A record number of women are leaving the workforce — a trend that is detrimental to both the women themselves and their organizations. How can organizations ensure that they not only retain high-potential women, but also develop them to be organizational leaders? This Idea explores some of the steps that can be taken.
According to the US Bureau of Labour Statistics, the participation rate for women in the labour force was down from 60.3% in 2000, to 57.6% in 2012. This was despite the fact that women weathered the recent recession better than men, because of the majority of them were employed in ‘recession-proof’ industries, like health, education, hospitality, and retail. But as the economy recovered, women began leaving the workforce and as of September 2013 they had the lowest participation rate for the past 24 years. Why are so many women ‘opting out’ of the workforce?
The two top drivers at play in this opt-out decision seem to be educational attainment and childcare issues, according to a UNC Kenan-Flagler Business School White Paper on this subject. Amy Wittmayer from the school writes that women who opt out of the workforce do not actually plan on doing so permanently; she points to a survey that suggests the vast majority of these women are actually trying to get back into the workforce. In fact, they felt they had not opted out as much as had been pushed out. Being constantly passed over for promotion, or employers failing to accommodate their status as mothers, for example, are reasons that lead many women to feel they have no choice but to leave.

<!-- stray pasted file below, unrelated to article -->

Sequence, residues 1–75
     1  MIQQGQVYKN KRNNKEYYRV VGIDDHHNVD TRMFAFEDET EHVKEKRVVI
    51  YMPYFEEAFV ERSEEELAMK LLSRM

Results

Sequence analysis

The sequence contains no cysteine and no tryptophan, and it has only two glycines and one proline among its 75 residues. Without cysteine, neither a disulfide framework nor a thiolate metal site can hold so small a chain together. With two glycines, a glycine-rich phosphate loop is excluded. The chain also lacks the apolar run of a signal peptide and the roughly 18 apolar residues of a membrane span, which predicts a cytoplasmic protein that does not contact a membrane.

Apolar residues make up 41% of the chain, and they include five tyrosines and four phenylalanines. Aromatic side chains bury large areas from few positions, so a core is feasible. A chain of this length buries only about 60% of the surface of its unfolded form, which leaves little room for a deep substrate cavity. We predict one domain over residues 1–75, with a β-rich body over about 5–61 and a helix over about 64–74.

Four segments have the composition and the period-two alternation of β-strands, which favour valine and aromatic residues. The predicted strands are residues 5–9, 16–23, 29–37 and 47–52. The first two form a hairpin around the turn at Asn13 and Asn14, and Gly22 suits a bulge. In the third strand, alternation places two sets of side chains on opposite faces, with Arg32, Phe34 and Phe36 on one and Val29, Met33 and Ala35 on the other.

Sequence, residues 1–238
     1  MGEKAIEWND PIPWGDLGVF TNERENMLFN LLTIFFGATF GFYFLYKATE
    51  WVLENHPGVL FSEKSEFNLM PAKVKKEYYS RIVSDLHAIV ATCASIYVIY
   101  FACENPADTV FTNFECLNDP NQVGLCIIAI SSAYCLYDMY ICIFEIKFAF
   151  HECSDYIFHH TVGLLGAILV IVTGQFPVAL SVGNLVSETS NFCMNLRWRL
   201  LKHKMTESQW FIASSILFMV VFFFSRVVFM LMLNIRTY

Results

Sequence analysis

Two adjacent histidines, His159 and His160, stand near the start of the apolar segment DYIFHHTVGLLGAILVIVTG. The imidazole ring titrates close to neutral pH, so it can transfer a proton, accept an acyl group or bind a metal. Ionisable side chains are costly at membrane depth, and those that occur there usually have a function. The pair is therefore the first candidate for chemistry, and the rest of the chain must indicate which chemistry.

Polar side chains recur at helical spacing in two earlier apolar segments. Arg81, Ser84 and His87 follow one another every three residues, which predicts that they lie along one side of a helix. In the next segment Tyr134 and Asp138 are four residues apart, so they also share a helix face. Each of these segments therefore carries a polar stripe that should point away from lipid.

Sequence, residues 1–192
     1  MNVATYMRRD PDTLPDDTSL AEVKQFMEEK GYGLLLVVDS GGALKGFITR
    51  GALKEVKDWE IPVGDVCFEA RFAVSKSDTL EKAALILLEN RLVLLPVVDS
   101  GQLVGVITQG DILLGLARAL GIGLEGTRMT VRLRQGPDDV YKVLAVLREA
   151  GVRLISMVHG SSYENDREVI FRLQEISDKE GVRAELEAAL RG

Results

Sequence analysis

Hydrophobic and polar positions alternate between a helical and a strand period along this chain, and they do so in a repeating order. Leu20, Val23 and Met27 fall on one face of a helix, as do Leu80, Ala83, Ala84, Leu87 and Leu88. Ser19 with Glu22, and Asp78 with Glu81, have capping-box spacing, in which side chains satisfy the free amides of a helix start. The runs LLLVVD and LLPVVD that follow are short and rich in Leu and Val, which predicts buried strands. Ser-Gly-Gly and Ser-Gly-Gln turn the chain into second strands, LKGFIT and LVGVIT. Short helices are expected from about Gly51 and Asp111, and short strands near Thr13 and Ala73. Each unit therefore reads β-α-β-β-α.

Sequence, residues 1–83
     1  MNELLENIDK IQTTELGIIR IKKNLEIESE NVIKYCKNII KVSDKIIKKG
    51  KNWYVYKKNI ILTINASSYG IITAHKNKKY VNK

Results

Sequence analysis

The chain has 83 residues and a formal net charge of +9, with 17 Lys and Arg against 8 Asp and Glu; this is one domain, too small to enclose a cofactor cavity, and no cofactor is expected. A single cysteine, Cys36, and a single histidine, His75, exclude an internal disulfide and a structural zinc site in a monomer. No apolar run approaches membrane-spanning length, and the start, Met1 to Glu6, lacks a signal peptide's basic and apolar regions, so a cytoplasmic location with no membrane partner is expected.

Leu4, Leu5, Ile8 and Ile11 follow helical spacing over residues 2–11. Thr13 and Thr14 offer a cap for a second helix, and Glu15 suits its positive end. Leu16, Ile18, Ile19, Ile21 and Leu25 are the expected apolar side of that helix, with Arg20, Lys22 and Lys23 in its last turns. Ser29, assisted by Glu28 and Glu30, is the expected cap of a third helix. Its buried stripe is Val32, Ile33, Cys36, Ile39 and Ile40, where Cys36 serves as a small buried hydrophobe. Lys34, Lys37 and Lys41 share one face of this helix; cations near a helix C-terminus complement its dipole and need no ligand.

However, they pay a dear price for doing so; Wittmayer highlights a 2013 study that found that women who take just one year off will lose 20% of their lifetime earnings; women who take two to three years off earn 30% less; and, women who take three or more years off will lose more than $1 million over their career or up to 37 percent of their income. Some of this financial loss can be attributed to women in high-level positions finding it difficult to re-enter the workforce, and therefore finding themselves taking part-time positions or jobs at lower levels paying less than their previous ones.
But it is not just women who lose out in these situations — employers do too. Turnover costs alone are enough for organizations to take note, but there is also the fact that women contribute different skills to men (such as: improving team dynamics, greater empathy, flexibility and strong communication skills) which makes their attraction and retention a strategic priority.
Wittmayer offers practical steps that HR and talent management professional can take to retain their female employees and develop them into corporate leaders:
Ideas for Leaders is a free-to-access site. If you enjoy our content and find it valuable, please consider subscribing to our Developing Leaders Quarterly publication, this presents academic, business and consultant perspectives on leadership issues in a beautifully produced, small volume delivered to your desk four times a year.
For the less than the price of a coffee a week you can read over 650 summaries of research that cost universities over $1 billion to produce.
Use our Ideas to:
Speak to us on how else you can leverage this content to benefit your organization. firstname.lastname@example.org